My Blog Goals

It’s time to assess my blog, and it’s an assignment for my latest blogging course. I’ve had this blog since January and am close to 100 posts – now is a good time to evaluate. Is my blog doing what I want it to do? More importantly, am I doing what God wants me to do with my blog?

I want to share my story of depression, and God’s faithfulness through it. I want people to find comfort here – maybe they relate to my experiences or can try one of the tools that helped me.  When I’ve struggled with depression, it’s helped me to know that I’m not alone – maybe this blog is doing that for someone like others have done for me.

When I first started blogging, I had a long list of topics to “discuss,” things that I had talked about in support groups. I still have that list, but so far, I’ve specifically focused my writings here on my story, not research or others’ stories. But the information that I’ve gathered was helpful to me, so I suppose that makes it part of my story after all.

I’m setting some goals for my blog for the next couple of months.

    1. I will post 1 time per week through January.
    2. I will post another 1 time per week, sharing from my list of topics and research.
    3. Weekly, I will search for, read, and comment on other blogs written about or by Christians  with depression.

Please help me meet my new goals by answering the following.  Thanks for your help.

 

 

Hope

(Blogging University, Writing 101 assignment: One Word Prompt – HOPE)

Hope – a missing key ingredient for me when battling depression.

  • no hope that the pain will ever end / the pain will never end
  • no hope that I will ever feel better / I will never feel better
  • no hope that anyone will understand / no one will understand
  • no hope that anything will change / nothing will change

Notice how the first part of the bullet points use the words “ever” and “any.” Or the rephrase (after the / ) with ” never,” “no one,” and “nothing.” Extreme words. Leaving no wiggle room. Implying that there is no hope for a normal life.

When I first admitted to friends that I was suffering from depression, my best friend sent me a card with this verse in it: “I pray that God, the source of hope, will fill you completely with joy and peace because you trust in him. Then you will overflow with confident hope through the power of the Holy Spirit.” Romans 15:13, NLT. A week or two later, another dear friend sent a note with this same verse written on it.  Shortly after that, I read this verse in a devotional. By now, I was saying “Ok, God, I’m listening. You want to tell me something about hope. What’s that verse again?”

It was a hard message to grasp, because the nature of the depression is hopelessness. And when my therapist first asked me what I wanted out of therapy, I told him that I wanted my joy back; I wasn’t even thinking about hope. But when he asked me if I felt hopeless, the answer was a resounding yes. Hopeless – without hope. Somehow, I didn’t make the connection for a long time that I was without hope. I instead knew I was without joy and life was hopeless. But I couldn’t see that I was experiencing hopelessness. I just knew I had no joy and was without hope of that ever changing.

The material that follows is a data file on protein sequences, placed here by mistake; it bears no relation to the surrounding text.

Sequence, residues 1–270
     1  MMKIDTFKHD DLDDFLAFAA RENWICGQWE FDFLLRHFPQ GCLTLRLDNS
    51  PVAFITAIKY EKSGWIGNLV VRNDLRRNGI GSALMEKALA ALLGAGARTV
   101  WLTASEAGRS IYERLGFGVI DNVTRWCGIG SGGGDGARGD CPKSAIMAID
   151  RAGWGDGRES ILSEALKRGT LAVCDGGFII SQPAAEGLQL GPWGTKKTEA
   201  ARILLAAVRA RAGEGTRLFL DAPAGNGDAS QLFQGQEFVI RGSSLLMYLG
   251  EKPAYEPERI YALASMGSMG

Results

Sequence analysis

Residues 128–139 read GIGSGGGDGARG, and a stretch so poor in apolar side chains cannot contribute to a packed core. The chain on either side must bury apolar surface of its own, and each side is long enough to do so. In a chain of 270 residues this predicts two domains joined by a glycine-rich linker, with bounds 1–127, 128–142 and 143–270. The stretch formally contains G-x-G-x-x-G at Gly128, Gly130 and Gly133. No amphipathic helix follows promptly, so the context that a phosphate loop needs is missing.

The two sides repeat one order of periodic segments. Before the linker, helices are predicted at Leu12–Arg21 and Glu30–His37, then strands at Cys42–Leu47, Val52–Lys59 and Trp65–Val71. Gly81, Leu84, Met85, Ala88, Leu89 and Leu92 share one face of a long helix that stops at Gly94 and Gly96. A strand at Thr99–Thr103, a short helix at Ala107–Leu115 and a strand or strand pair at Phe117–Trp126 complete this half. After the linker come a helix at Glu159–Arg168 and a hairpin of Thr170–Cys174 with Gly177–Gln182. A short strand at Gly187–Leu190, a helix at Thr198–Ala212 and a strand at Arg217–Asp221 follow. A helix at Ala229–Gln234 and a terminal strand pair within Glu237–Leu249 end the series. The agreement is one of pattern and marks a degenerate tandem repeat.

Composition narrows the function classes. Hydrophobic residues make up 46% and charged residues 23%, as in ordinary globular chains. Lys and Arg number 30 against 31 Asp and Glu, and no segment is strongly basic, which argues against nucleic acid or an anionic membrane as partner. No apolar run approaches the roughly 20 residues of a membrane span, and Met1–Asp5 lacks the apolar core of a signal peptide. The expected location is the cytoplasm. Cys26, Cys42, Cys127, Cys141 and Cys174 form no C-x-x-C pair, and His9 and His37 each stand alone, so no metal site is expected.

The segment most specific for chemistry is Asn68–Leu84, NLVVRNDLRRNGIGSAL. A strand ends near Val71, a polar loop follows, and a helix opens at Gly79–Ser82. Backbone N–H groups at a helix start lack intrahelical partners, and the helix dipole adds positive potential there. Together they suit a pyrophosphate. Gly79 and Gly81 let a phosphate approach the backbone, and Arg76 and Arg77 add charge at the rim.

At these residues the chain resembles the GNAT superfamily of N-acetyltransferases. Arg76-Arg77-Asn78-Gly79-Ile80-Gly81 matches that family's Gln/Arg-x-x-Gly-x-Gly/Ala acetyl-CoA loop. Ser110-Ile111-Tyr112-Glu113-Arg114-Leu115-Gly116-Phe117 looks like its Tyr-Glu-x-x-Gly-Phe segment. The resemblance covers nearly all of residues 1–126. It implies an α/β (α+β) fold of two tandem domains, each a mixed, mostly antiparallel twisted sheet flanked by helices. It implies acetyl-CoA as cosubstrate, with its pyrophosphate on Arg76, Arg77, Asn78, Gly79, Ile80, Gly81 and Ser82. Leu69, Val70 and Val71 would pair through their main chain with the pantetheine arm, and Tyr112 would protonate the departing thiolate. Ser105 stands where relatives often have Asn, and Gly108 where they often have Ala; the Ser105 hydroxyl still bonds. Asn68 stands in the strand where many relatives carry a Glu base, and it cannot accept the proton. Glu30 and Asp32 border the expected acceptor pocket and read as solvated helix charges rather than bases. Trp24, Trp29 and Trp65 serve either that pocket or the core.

Yet here is this Bible verse that addresses both hope and joy. And peace (which I would eventually need when anxiety joined the depression party). So what does the verse say?

God is the source of all hope. It comes from Him. And because I trust Him, he wants to fill me completely – to the brim – with joy and peace. And when that happens, through the Holy Spirit, I will have confident hope – so much hope that it spills over – it overflows.

Wow. A powerful promise to a hopelessly depressed woman.

And God kept that promise. Over time, as He restored my joy and peace, the hopelessness left. I began to be confident that the future wasn’t so bleak. I began to feel lighter, more hopeful. Eventually the day came that I could share my hope of healing with others who found themselves depressed, hopeless. It overflowed from me.

Now, if I find myself thinking about me or my life using those extreme words, I look more closely to see if I’m also feeling hopeless. That’s a huge indicator that depression is trying to enter my life and rob my joy again.  And while depression may try, I can remain hopeful. God is the source of all hope, I trust Him, and He loves me.

 

Praying for Healing

Some very thoughtful comments from a fellow blogger prompted this post…thanks, Jennifer!

And in responding to her, I recalled meetings I had several years ago with a pastor at our church. He had referred to his battles with depression in several sermons, and I felt very safe sharing my struggles and seeking his wisdom and prayers on many occasions. We talked about being Christians with mental illness. We discussed depression as a result of sin in the world, not necessarily due to a specific sin in one’s life. He reminded me that this battle against depression has a spiritual component, and that I should daily prepare myself with the armor of God (Ephesians 6).